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Prince George trucking company takes delivery of hydrogen-diesel hybrid

Proponents say system can reduce greenhouse gas emissions by 40 per cent using byproduct from Chemtrade

A Prince George-based trucking company has taken a step toward dramatically reducing its carbon footprint.

Lodgewood Enterprises took delivery this week of a long-haul semi-truck outfitted with a system that allows it to run on a blend of hydrogen and diesel for as much as 1,000 killometres and reduce its greenhouse gas emissions by as much as 40 per cent in the process.

The system poses no loss of fuel efficiency, range, power, torque or payload capacity and the fuel is provided at a slight discount to diesel. The advantages were enough for Lodgewood president and CEO Arlene Gagne to put 11 more such conversions on order.

"It's been a long process and a lot of work to get to this but I truly believe that being innovative in trucking is important," Gagne said last week during a media event at the company's yard in the BCR Industrial Site.

"We want to be able to reduce our greenhouse gases immediately. We want to be part of the solutions in our province."

The outfitting is being carried out by Vancouver-based Hydra Energy whose CEO, Jessica Verhagen, gave local media a guided tour of the rig, starting with an array of carbon-fibre-wrapped tanks fixed to the back of the cab and moving forward to a fuel-injection system attached to the engine at the front.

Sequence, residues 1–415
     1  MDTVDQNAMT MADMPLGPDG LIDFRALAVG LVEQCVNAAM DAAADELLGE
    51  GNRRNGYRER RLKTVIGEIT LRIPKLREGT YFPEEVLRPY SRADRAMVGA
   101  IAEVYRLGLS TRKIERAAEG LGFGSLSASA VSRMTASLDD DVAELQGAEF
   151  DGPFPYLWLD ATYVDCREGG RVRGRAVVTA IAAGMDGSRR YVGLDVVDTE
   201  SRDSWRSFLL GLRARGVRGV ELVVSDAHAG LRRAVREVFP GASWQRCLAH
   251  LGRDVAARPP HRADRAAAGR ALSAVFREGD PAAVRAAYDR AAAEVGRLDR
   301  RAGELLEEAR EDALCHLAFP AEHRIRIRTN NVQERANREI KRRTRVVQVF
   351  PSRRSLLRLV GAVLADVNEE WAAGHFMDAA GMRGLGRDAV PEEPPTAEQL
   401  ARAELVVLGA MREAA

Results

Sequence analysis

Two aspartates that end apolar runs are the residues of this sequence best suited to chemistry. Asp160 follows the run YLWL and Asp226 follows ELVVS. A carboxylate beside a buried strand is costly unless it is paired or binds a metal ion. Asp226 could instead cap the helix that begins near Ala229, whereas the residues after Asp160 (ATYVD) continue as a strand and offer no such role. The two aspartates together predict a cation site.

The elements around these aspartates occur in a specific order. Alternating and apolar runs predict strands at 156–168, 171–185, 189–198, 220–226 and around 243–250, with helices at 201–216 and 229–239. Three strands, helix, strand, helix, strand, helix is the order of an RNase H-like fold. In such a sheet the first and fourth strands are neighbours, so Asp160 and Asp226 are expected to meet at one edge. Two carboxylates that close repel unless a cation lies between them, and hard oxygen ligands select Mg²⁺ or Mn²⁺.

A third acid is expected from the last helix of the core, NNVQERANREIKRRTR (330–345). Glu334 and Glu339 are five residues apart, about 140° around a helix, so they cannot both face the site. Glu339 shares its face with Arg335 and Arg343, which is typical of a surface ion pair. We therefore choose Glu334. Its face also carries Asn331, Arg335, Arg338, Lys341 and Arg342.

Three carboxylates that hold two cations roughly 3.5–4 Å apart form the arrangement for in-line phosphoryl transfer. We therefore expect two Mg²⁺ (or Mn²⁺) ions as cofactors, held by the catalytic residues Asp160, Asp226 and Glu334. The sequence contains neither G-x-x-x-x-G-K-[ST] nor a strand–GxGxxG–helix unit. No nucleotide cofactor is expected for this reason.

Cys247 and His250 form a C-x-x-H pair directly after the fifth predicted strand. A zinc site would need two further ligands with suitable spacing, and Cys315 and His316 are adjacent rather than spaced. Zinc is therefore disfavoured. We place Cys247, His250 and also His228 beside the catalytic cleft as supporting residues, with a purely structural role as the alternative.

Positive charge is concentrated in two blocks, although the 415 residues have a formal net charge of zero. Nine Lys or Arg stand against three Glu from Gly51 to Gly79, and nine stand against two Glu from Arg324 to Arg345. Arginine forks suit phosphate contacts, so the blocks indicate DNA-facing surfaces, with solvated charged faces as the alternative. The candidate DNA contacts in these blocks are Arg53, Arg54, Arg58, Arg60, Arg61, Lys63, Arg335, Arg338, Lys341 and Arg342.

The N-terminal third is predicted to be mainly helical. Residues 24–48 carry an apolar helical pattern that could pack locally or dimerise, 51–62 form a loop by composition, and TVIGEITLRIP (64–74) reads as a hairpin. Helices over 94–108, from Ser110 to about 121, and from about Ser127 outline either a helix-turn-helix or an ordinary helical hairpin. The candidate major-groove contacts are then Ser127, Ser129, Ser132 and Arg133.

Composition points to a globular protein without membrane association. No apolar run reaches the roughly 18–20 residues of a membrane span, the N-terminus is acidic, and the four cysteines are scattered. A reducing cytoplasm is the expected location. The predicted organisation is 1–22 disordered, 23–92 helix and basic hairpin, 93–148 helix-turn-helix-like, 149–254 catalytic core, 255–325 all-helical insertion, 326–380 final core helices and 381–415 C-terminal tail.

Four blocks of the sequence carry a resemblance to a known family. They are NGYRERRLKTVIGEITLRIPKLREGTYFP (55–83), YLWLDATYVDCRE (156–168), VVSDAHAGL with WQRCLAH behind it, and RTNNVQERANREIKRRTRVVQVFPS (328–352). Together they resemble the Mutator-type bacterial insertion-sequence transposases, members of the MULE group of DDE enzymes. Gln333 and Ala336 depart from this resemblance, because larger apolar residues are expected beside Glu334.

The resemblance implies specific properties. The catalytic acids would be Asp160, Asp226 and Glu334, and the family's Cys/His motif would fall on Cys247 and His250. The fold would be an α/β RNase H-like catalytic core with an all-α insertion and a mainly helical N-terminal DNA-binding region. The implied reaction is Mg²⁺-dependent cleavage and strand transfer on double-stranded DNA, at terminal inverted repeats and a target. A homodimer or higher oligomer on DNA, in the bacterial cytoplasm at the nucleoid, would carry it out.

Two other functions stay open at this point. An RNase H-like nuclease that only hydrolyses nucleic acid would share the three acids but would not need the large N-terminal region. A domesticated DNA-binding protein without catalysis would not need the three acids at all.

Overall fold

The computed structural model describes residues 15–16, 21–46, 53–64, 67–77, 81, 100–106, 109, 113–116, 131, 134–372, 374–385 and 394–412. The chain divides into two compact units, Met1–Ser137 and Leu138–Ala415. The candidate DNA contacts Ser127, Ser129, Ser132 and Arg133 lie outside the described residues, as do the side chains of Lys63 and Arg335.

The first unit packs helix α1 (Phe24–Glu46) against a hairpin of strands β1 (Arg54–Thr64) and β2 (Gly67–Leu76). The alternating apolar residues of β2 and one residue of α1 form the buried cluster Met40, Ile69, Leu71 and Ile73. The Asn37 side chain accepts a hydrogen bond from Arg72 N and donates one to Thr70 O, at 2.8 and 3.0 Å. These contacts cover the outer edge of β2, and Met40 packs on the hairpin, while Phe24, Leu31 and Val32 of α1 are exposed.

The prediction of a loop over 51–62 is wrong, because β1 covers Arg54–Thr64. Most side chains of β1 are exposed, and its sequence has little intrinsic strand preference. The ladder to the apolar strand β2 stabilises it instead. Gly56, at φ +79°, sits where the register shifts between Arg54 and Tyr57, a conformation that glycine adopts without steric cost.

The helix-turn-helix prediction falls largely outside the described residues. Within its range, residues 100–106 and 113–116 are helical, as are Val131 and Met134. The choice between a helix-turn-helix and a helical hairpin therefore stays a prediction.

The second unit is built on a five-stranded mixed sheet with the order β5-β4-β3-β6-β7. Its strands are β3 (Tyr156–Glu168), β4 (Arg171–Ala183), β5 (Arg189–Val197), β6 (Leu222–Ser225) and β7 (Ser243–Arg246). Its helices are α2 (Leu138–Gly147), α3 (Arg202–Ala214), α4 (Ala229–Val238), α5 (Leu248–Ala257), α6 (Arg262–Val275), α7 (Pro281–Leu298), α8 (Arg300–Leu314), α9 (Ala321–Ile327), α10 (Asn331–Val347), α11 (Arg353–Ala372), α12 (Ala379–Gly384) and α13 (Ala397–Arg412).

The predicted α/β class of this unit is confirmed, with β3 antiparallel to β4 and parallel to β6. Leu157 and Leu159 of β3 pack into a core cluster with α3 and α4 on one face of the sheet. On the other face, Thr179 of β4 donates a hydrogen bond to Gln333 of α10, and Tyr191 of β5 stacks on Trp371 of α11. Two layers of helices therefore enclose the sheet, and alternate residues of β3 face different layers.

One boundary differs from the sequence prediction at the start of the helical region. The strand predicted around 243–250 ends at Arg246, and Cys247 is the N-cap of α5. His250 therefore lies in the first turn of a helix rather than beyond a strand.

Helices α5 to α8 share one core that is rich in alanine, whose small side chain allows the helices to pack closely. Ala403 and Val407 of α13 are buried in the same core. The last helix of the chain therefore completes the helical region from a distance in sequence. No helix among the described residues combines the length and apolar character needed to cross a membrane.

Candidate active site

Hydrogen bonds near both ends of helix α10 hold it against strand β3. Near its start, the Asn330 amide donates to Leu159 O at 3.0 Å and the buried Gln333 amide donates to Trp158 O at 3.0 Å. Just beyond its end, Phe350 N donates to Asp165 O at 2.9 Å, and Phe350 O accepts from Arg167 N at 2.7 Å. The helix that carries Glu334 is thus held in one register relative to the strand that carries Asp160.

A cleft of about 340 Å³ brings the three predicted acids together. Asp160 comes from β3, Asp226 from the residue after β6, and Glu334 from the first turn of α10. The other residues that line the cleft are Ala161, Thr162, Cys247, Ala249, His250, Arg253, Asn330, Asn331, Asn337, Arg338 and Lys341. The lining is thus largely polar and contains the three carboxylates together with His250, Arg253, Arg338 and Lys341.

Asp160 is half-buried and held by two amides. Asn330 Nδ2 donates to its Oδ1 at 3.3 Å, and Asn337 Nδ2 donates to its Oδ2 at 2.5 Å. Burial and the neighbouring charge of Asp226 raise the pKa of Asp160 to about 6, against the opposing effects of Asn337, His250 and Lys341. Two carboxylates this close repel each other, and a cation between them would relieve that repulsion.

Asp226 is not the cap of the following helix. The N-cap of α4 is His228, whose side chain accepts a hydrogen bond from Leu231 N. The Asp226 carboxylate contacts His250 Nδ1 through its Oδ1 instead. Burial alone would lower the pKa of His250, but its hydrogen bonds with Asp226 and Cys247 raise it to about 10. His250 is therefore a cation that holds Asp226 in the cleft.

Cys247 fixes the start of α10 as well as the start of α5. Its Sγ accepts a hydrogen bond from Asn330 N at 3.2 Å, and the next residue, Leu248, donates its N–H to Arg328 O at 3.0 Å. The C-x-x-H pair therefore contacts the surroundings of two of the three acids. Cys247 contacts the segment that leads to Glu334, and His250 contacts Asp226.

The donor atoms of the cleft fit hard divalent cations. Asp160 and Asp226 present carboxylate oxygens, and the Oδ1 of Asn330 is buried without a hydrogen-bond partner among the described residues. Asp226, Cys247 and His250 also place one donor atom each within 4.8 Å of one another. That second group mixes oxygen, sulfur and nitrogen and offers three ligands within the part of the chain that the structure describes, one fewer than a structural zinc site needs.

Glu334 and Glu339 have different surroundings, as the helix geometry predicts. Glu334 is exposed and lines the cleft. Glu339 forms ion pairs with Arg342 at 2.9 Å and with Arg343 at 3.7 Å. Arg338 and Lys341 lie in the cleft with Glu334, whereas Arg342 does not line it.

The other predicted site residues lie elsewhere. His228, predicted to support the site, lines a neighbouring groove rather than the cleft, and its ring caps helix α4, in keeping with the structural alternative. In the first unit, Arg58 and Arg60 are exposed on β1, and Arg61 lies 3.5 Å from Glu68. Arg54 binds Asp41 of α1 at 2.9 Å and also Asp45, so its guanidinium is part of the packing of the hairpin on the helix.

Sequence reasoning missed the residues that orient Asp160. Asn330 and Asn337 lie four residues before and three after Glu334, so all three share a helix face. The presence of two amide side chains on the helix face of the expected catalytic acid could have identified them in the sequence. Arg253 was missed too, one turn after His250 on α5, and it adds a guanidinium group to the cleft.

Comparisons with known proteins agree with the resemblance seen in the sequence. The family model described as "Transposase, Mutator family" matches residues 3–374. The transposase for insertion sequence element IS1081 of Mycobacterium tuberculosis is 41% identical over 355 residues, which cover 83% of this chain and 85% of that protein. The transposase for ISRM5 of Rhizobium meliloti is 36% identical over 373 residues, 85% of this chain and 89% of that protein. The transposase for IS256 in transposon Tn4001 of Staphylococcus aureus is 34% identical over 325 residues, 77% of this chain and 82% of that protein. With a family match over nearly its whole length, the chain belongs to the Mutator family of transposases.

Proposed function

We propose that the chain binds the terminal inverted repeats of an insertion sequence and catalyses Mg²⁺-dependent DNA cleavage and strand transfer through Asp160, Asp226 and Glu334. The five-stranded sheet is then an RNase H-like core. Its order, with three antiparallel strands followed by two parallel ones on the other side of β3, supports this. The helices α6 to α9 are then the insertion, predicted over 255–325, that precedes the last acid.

In the cab is an onboard computer that gives the driver some data and allows the truck to automatically switch entirely over to diesel once the hydrogen has run out. That typically occurs at the 1,000-kilometre mark.

Importantly, said Verhagen, the system was designed to avoid compromising the warranty on the engine and can be fitted onto "anything that burns diesel, is what it comes down to."

The hydrogen comes from Chemtrade, which just so happens to be a byproduct of the chemicals it produces and supplies to the local pulp mills.

In February, Hydra landed a long-term contract with Chemtrade to provide the fuel with the aim of having a refueling station capable of servicing up to 65 trucks up and running  by sometime next year.

In advance, other fleet owners in the area with round trips no longer than 1,000 kilometres can arrange to test drive the Lodgewood converted truck by emailing info@hydraenergy.ca.

As it stands, the refuelling station located at Lodgewood Enterprises is able to refuel two trucks per day.

According to Verhagen, heavy-duty trucking accounts for just 1.37 per cent of vehicles on the road but 30 per cent of road-related emissions.

Hydrogen can drastically reduce that number because it emits only water although greenhouse gases can be produced in the making of the fuel. 

So-called green hydrogen is made entirely from renewable energy with no associated greenhouse gas emissions while at the other end of the spectrum, black hydrogen is made from gasifying coal and without a method for storing the emissions. In between are blue, grey and even turquoise, yellow, purple and pink hydrogen.

"Ours doesn't fall neatly into any of those categories because we're taking it as a waste product from someone else," Verhagen said but went on to add that Hydra brought in an independent consultant to do a life-cycle analysis from production to delivery to final use and found the output to be 5.6 grams per megajoule, compared to 75 grams produced by diesel.